A Year of Snow Days

Biology AP, ca. November 2020

Growing up in the South, I often heard people say something took “a month of Sundays.” It’s one of those colorful idioms that convey an idea that seemingly contradicts its actual wording — “a month of Sundays” means an indefinably long time, but 30 weeks isn’t all that long, any more than “slower than Christmas” means that time has literally been warped by our desire for presents and egg nog, or that the holiday itself needs to put a pep in its step.

Similarly, I thought of Spring 2020 as a kind of “Lost Weekend”; we all scrambled and did our best to get get through the semester in circumstances that were jarring and frightening on a world-historical scale, but, try as we may, we all knew that this window of time was going to be kind of a wash.

I don’t know how many washes or mulligans or freebies you get, but you definitely don’t get an unlimited number of them — not in this town. And so we confront Fall 2020, with Spring 2021 already breathing on our necks, wondering how this time will be totted up and marked. It can’t be a Lost Weekend, but it can definitely be a Snow Day, as K-12 school systems and colleges across the country herky-jerkily belly-flop into a brave new “reopened” world — only to retreat, in many cases, almost immediately in the face of the implacable foe. A week of in-person school and, what do you know? “Fuck! We’re back to all online.” Time and energy and superspreading well-spent.

Schoolchildren all over the world know that Snow Days are not bad, and that one or two missed days of school here and there aren’t going to set back learning in a crucial way. (How much does anyone learn in a day of school anyhow?) But the coming academic year looks to be one long Month of Snow Days. How we choose to pretend otherwise is yet to be seen.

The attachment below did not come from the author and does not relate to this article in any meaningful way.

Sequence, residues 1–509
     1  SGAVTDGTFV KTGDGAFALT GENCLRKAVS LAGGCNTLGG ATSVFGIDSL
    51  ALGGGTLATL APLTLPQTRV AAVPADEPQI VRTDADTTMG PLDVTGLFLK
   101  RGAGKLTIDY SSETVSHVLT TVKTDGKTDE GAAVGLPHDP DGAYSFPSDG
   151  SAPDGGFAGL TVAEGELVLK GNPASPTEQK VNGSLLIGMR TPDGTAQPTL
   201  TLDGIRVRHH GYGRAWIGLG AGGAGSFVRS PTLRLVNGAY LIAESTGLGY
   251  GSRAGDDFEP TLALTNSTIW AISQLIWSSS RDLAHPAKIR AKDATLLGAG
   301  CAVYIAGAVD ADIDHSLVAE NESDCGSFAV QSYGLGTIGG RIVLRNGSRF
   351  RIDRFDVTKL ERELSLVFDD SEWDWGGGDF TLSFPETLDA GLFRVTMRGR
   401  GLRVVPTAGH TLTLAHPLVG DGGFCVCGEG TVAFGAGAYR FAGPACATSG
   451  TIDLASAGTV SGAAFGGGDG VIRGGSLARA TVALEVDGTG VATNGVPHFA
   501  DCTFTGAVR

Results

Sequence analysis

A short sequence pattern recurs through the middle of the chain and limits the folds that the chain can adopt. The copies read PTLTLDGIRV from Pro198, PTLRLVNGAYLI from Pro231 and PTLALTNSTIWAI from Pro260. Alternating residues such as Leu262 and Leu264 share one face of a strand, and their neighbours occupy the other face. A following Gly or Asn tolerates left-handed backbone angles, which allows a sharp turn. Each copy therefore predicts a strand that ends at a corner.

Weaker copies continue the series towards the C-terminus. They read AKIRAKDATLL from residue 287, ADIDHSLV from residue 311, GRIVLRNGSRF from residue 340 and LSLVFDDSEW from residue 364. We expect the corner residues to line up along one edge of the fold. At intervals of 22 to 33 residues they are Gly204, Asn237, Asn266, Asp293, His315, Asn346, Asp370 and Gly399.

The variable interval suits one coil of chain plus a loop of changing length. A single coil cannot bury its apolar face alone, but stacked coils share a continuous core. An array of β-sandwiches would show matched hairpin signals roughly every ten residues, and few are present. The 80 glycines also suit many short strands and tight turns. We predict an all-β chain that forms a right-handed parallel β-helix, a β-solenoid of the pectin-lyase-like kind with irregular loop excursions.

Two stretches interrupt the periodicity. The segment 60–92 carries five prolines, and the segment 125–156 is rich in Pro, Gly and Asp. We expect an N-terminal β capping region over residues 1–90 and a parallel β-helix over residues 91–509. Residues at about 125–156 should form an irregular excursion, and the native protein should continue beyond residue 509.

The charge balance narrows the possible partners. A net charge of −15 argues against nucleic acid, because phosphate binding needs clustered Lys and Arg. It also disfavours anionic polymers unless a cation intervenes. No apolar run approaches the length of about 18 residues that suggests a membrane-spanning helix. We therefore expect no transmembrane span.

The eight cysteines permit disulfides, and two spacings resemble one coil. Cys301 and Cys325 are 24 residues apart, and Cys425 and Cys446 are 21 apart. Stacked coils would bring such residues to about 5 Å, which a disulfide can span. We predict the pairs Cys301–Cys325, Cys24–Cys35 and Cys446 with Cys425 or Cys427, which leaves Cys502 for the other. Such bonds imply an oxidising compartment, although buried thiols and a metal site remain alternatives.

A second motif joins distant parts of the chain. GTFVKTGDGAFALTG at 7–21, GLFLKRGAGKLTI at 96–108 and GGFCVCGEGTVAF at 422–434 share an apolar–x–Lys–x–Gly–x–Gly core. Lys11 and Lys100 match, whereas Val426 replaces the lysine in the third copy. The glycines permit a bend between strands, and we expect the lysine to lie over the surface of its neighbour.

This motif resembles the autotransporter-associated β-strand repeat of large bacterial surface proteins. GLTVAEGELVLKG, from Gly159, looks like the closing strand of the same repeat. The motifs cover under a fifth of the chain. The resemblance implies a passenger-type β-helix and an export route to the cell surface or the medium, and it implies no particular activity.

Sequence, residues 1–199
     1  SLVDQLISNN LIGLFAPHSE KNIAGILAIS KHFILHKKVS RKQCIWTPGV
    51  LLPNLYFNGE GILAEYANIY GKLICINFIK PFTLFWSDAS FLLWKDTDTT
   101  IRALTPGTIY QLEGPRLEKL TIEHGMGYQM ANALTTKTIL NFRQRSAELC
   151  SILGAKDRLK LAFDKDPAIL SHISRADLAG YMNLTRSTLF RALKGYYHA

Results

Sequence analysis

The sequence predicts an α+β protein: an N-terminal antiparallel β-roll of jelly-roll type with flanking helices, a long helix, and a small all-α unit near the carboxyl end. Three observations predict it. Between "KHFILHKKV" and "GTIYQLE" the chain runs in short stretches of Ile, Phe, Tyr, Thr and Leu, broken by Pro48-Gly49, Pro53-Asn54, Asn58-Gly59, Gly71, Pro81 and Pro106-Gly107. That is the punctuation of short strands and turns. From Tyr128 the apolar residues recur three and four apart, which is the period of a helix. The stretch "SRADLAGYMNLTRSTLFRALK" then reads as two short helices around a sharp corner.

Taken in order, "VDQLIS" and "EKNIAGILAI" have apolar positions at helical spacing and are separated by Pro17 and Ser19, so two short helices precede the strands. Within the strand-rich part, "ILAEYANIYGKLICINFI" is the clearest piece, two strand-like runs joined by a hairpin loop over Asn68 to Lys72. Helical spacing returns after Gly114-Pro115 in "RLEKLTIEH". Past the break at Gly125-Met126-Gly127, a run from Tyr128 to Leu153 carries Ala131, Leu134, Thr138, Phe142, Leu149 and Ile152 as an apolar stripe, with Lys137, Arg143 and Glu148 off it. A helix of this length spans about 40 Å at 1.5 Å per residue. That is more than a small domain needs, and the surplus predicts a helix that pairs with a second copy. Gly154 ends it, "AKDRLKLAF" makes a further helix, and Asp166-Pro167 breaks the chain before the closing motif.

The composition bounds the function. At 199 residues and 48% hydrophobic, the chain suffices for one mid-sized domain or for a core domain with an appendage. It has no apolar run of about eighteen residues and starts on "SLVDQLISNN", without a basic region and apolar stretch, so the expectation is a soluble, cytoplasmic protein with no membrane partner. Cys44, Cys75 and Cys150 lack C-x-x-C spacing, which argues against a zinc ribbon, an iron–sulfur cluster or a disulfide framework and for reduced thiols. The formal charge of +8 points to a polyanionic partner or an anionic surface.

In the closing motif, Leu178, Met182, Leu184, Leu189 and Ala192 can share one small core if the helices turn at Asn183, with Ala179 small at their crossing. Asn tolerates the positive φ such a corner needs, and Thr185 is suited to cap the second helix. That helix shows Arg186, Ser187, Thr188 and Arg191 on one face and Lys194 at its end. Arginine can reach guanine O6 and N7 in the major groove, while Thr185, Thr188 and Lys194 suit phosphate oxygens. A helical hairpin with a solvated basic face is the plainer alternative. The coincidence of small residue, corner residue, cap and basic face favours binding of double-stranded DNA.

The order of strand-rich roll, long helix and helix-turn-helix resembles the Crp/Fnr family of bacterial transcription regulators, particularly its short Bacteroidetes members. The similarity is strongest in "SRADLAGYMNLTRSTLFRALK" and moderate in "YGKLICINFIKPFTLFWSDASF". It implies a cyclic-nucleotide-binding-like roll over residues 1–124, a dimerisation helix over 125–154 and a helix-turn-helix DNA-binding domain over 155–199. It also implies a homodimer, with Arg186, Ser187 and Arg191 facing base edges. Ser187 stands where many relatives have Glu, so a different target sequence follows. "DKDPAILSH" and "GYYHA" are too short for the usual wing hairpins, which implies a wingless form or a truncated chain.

My cousin resettled from Libya to the US not too long ago, and she has improved her facility with English by leaps and bounds in a few short years. She still, unsurprisingly, slips on fine distinctions of wording and meaning in the language. She told me that her kids’ school system decided to switch to “homeschooling” after just two days of going back to regular, in-person school. To most Americans, the word “homeschooling” implies a different practice, one of taking a child out of the public school system altogether and assuming direct parental control of their education. But how far off was she from describing what is really happening? Words often hide more than they show, which is why we use them.

Anyway, here are some reading picks by editors:

Author: Alex Sayf Cummings

Alex Sayf Cummings is an associate professor of history at Georgia State University, whose work deals with technology, law, public policy, and the political culture of the modern United States. Alex's writing has appeared in Salon, the Brooklyn Rail, the Journal of American History, the Journal of Urban History, Al Jazeera, and Southern Cultures, among other publications, and the book Democracy of Sound was published by Oxford University Press in 2013 (paperback, 2017). Alex can be followed on Twitter at @akbarjenkins.

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